According to Ship and Bunker, the global average VLSFO price has moved above $1,000/mt again on Monday, May 30th 2022 for only the second time in its history, after rising on March 9th 2022, since the new bunker grade emerged three years ago.
In the wake of inflated commodity prices, Maritime operators should be faced with a cost challenge as the share of bunker costs in the running costs of ships range between 30% and 50% for an oil price of 100 US$/barrel.
Oil prices have risen sharply in 2022 as demand grew and the Ukrainian conflict led to sanctions, spurring major economies to move away from Russian oil.
Bunker fuel prices in the Americas region are the most expensive at 795.63 $/mt, up 69.4% annually. The Asia Pacific region has experienced a significant increase, with prices up 86.6% year-on-year (y-o-y). This increased cost is reflected in rates on the transpacific lane which has skyrocketed y-o-y.
In Q1-22, bunker fuel prices in the Asia Pacific region climbed 30.2% over the final three months of 2021. EMEA Bunker fuel prices are up 18.2% quarter-on-quarter in Q1-22. Increases in the costs of bunker fuel are driving up carrier costs and this is being passed on to shippers. With bunker fuel prices up 22.32% in March 2022 alone. While demand and supply are the key determinants for ocean freight prices, fuel can exceed half of the running costs for larger vessels, this higher fuel bill may be passed on to shippers using bunker adjustment factors in 2022.
More recently, according to S&P global, the Singapore marine fuel oil market is expected to maintain record-high levels of prices over the May 30-June 3, 2022 trading week due to supply tightness of low sulphur fuel oil cargoes coupled with firm bunker demand. The current strength in global bunker prices is being led by a surge in Singapore, where supplies have tightened and demand may be set to improve following the reopening of Shanghai. Overall strength in crude oil is also being driven by renewed efforts in the European Union to ban imports of Russian oil following the invasion of Ukraine.
How does this reflect on shipping rates?
Although traditionally it used very cheap bunker fuel, the cost of that fuel has always been a significant feature of the market, so much so that billing is characterized by a ‘Bunker Adjustment Factor’ (BAF), which is attached to any freight bill enabling prices to be increased or decreased with the price of oil. However, maritime shipping rates are not as susceptible to shifts in fuel prices to the extent that is commonly reflected.
Container and ship availability and consumer demand is a more significant cost driver for the price of sea freight .For instance, the increase in freight rates between Q4 2020 and Q4 2021 was not driven largely by fuel prices but the stripping-out of shipping capacity as a result of congestion in the US and in China.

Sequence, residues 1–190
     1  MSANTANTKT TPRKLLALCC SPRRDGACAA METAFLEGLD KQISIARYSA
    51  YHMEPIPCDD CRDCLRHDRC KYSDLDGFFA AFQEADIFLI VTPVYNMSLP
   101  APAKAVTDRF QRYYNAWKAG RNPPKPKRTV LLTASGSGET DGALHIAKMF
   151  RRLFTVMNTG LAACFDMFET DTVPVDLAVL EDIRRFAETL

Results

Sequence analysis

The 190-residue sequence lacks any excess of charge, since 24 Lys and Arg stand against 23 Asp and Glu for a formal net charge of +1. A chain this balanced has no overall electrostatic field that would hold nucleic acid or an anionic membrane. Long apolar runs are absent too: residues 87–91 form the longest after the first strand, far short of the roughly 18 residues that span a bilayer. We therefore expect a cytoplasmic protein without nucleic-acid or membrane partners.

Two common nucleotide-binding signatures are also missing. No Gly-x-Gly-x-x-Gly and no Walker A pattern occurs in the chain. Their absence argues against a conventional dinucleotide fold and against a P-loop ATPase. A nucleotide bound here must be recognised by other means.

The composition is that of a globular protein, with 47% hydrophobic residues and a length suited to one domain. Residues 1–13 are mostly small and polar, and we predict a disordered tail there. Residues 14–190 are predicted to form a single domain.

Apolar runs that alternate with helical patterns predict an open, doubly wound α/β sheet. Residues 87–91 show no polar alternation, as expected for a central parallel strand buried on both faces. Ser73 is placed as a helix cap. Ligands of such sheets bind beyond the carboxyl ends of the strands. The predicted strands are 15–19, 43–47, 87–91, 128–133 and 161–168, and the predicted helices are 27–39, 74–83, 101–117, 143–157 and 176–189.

This is not disregarding fuel prices as cost drivers of shipping prices. The pair of fuel prices and ocean freight rates have a stronger dependence on extreme events than other factors. The trend is susceptible to fuel price changes in extreme periods like the financial crisis. That is, in the long-run and short-run, an extreme rise in oil prices is likely to lead to a rise in freight rates. The increases in fuel prices would have to be quite violent for this to happen.
Moreover, container shipping especially is, perhaps surprisingly, not that vulnerable to increases in fuel costs.
Generally, fuel costs are becoming less divisive in shipping costs as the fuel consumption of container ships has fallen by 80% if measured in terms of fuel consumed per container (TEU). This is due to the greater energy efficiencies of larger container vessels. In addition, many carriers practice “slow steaming” on ships. This is the process of reducing speed (often to ~15 knots, rather than ~22 knots) to cut down on fuel consumption. While this cost-mitigation strategy does slow down already exasperated shipping times, it reduces costs for carriers as well as cuts down on their emissions
In conclusion, fuel costs will have to increase even more extremely to counteract any effects of falling or rising supply and demand balance. It is likely that an oil price environment of such violent increases would have major macroeconomic impacts and therefore negatively affect demand levels. Even if that is the case, other externalities and consumer appetite can offset that effect, as is the current case of the recent increase in bunker prices in Singapore, as it might result in an increase of shipping prices, however that will largely be due to a backlog of demand following the prospective re-opening of Shanghai.
Source :Transport Intelligence May 31st 2022
Author: Jenan Hasan